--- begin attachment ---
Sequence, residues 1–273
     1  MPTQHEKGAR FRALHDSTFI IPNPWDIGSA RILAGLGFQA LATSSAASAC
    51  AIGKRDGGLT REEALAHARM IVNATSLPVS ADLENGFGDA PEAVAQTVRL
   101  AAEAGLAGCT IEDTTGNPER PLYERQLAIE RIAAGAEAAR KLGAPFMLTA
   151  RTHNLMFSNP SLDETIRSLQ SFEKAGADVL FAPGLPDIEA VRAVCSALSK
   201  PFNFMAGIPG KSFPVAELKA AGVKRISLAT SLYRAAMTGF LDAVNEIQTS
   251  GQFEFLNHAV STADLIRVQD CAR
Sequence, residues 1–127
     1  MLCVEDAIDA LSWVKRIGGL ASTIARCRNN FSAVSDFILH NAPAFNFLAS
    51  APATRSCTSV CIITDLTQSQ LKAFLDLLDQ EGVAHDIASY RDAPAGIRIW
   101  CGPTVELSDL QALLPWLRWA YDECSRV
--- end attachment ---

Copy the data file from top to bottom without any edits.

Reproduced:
Sequence, residues 1–273
     1  MPTQHEKGAR FRALHDSTFI IPNPWDIGSA RILAGLGFQA LATSSAASAC
    51  AIGKRDGGLT REEALAHARM IVNATSLPVS ADLENGFGDA PEAVAQTVRL
   101  AAEAGLAGCT IEDTTGNPER PLYERQLAIE RIAAGAEAAR KLGAPFMLTA
   151  RTHNLMFSNP SLDETIRSLQ SFEKAGADVL FAPGLPDIEA VRAVCSALSK
   201  PFNFMAGIPG KSFPVAELKA AGVKRISLAT SLYRAAMTGF LDAVNEIQTS
   251  GQFEFLNHAV STADLIRVQD CAR
Sequence, residues 1–127
     1  MLCVEDAIDA LSWVKRIGGL ASTIARCRNN FSAVSDFILH NAPAFNFLAS
    51  APATRSCTSV CIITDLTQSQ LKAFLDLLDQ EGVAHDIASY RDAPAGIRIW
   101  CGPTVELSDL QALLPWLRWA YDECSRV